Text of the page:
• Keep it simple.

I started this piece by sharing that I’ve never heard even a whisper of acknowledgment of this issue in two decades in higher education. Here’s the good news: when you start from the bottom, there’s nowhere to go but up. That’s also my favorite cooking motto: cook something. Put something on the dinner table.

Design a webpage with resources. Offer a workshop on professional development day. Open up a private space in your online community for menopause discussions. Heck, share this article with your team via email. It’s a start. Keep it simple. Share quality, useful resources. Listen. Get started.

  • This is we work, not me work.

Higher ed is infamous for making one person on campus the champion of an entire massive issue. Justin is in charge of DEI. Brianna is in charge of student retention. Sage is in charge of mental health.

Supporting folks throughout the menopause years is a team effort. I imagine that health services, human resources and faculty development offices might lead the charge. Make sure that students, faculty and staff are all represented. Do not relegate this to the sole responsibility of the already-overwhelmed director of health services. Our community’s health and well-being are everyone’s responsibility.

  • Prioritize mental health.

As I write this article, death by suicide is in the headlines. More Americans than ever before lost their lives to suicide last year. This is shocking. But it’s not surprising. (As a reminder, please call 988 for help.)

Clearly, whatever we’re doing isn’t working. We need to continue to treat mental illness and also dig at the roots of our collective despair. These are conversations that certainly extend beyond the challenges of menopause, but that also must include menopause in light of the fact that anxiety and depression are common symptoms. I know that many campuses are doing a lot of work to offer robust mental health supports to everyone on campus, but I also know that most of those conversations do not dare utter the words “perimenopause” or “menopause.” Let’s change that.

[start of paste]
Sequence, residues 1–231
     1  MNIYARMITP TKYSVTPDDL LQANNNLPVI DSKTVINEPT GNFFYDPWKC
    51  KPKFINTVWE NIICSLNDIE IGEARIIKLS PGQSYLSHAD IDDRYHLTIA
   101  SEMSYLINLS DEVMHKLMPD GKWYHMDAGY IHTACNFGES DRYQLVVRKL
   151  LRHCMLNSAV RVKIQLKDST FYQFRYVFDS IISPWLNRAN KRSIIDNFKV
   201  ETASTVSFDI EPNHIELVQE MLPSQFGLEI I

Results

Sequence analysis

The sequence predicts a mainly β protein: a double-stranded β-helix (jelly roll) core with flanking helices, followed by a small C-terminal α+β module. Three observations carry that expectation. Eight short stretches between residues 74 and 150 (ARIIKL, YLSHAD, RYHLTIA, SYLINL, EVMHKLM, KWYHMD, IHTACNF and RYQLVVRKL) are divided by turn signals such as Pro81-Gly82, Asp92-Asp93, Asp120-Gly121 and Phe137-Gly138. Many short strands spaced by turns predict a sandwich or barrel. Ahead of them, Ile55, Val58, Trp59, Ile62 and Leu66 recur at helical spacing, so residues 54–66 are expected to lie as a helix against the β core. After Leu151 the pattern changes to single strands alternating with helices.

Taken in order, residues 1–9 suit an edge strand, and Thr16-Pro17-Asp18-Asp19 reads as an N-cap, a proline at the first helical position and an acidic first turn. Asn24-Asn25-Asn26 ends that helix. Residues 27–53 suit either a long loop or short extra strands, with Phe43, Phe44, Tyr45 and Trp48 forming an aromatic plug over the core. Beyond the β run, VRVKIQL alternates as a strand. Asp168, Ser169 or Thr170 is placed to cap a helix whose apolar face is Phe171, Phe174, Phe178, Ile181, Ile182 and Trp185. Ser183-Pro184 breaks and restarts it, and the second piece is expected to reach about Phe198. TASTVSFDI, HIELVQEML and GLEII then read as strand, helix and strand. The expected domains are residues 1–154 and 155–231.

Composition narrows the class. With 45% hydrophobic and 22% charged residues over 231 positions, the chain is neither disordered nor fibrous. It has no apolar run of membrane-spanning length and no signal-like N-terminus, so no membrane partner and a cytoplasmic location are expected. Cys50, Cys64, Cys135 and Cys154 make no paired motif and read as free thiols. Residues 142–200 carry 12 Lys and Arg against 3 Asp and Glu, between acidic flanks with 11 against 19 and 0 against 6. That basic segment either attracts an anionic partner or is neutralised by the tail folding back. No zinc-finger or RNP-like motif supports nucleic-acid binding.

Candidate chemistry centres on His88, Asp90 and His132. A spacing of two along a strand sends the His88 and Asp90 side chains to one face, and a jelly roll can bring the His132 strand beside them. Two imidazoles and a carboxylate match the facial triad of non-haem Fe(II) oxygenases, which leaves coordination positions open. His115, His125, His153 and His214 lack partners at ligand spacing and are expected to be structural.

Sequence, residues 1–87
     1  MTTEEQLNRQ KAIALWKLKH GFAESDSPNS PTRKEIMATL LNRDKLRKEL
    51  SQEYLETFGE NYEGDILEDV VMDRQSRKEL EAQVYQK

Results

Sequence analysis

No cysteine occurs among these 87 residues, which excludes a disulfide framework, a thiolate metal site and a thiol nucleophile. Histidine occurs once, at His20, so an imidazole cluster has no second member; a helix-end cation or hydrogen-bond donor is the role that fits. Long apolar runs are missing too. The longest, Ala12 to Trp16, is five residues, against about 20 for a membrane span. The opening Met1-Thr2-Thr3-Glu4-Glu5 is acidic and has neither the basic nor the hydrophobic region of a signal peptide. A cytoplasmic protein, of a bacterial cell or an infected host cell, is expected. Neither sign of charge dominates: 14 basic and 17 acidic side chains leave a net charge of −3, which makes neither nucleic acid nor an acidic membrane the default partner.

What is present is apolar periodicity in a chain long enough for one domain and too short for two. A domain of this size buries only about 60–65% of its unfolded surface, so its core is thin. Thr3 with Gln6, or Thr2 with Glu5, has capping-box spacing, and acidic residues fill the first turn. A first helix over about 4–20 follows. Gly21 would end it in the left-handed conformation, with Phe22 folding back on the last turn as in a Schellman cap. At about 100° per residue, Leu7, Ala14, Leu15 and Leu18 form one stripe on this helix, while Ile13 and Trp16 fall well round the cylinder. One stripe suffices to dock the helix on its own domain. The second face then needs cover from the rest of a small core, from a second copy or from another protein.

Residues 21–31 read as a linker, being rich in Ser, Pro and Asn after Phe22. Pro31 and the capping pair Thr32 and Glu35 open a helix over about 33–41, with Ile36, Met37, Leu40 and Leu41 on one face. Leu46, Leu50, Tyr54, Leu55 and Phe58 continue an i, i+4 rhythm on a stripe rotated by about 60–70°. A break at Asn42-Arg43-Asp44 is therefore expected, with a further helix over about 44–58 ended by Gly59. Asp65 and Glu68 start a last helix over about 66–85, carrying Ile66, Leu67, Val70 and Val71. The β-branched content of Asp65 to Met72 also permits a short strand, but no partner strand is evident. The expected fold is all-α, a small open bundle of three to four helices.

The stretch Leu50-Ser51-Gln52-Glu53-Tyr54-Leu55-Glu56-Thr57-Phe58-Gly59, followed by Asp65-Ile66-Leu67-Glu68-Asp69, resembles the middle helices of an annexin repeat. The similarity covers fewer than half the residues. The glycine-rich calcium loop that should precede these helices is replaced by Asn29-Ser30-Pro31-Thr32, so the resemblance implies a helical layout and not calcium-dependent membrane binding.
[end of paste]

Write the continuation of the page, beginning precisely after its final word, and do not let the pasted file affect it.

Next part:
• Balance structure and flexibility.

I am once again here to implore you, employers, faculty and staff, to recall the early days of the pandemic, when we prioritized flexibility to help folks in crisis. We were so close to learning how to live in what we are now realizing is a permanent crisis. But then it was very quickly back to business as usual.

Folks living with health challenges need flexibility above all else. We also need structure. Give us a clear path to success, whether for your faculty and staff or for your students. But should health difficulties derail us, be flexible and caring. This might look like reviewing your process for incomplete grades or your campus late-assignment policy. It might look like reviewing your sick-time policy. It might look like leaders on campus being more intentional about how they communicate, urging people to prioritize their health and offering support when people need breaks or time off.

  • Celebrate our transformation.

I recently saw a teenager I hadn’t seen in a few years, who is emerging on the other side of puberty. He looked very little like the young child I remembered. I was struck by the metamorphosis, and it got me thinking about how menopause is often called a second puberty. I too, I realized, was going through a radical transformation. Case in point: for all my life, my favorite season was summer and my least favorite was winter. Over the past year, that has switched. I’m hot enough, and I want to be in my house, reading books, with snow falling outside. I’ve also started to research the possibility of returning to art school, a dream of mine that’s been long buried.

Menopause is a transformational time, and isn’t higher education in the business of transformation? Call in folks in menopause more explicitly. Invite us to study our hidden dreams. Invite us to lead the charge for a better world. Invite us to share how we navigate the hard days, wisdom that most humans could benefit from in our current era.

  • Turn down the goddamn heat.

I’m talking to you, HVAC folks. It’s. Too. Hot.

This piece is by no means the entirety of what we can do to better support our students, faculty and staff in perimenopause and menopause. But I do hope that it’s a jumping-off point for our entire community to come together and do better.

Karen Costa is an adjunct faculty member, author and faculty development facilitator from Massachusetts.